I had practised and practised all my life to achieve an ideal sound and technical ease. Suddenly I came to a point when I felt like a clone. Should I, like thousands of other classically trained cellists in the world, perform Haydn and Dvorak, play well enough but never as well as those in the top league? No, now I had had enough of striving toward these generic goals. I borrowed some guitar pedals and bought an amplifier. Disillusioned, I realized that the ideal cello sound does not exist, it is a kind of Sisyphean work; you’ll never reach the top, the stone will always roll down and you’ll have start over again. Where does this assumption about the ultimate sound come from? Electronically, my sound could be transformed into anything. I improvised and experimented. I made up my own sounds. The first time I performed music I had composed, I was so nervous that it was almost devastating (Orning, 2018).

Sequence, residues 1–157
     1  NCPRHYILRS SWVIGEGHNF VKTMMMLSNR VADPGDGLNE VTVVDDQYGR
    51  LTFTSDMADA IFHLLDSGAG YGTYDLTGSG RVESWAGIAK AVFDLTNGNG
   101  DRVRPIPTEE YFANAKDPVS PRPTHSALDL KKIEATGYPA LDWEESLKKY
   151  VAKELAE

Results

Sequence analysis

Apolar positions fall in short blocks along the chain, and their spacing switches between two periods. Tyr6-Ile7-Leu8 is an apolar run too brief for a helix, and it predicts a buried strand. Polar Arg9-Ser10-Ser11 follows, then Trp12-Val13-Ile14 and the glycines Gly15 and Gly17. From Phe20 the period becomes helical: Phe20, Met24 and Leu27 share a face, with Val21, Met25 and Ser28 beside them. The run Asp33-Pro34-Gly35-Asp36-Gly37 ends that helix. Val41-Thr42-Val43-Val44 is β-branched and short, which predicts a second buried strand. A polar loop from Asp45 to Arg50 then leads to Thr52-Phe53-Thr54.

Looking back on my own trajectory, I see the non-linearity in the construction and re-construction of my professional identity. The continuous unfolding of possible routes, both random and determined, accidental, scary, and controlled, often conflicting or paradoxical, expanded in apparently parallel universes - they add to my “grand narrative”, the accumulated story of my professional becoming during the last 30 years. Looking back, with the status quo in mind, reflecting on all the doubts and detours, I realize how acutely important the constant and active future projecting and unfolding of my own potentialities has been and still is. As Kierkegaard said: “It is perfectly true, as the philosophers say, that life must be understood backwards. But they forget the other proposition, that it must be lived forwards” (Kierkegaard, 1843).